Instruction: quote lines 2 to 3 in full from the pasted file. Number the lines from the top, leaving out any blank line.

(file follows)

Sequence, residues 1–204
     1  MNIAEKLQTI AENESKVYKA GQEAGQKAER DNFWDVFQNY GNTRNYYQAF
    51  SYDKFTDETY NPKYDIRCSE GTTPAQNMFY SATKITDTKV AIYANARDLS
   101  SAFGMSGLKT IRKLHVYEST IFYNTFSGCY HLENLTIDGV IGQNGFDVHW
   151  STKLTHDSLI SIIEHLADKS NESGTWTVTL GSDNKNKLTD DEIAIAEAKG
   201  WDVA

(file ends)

     1  MNIAEKLQTI AENESKVYKA GQEAGQKAER DNFWDVFQNY GNTRNYYQAF
    51  SYDKFTDETY NPKYDIRCSE GTTPAQNMFY SATKITDTKV AIYANARDLS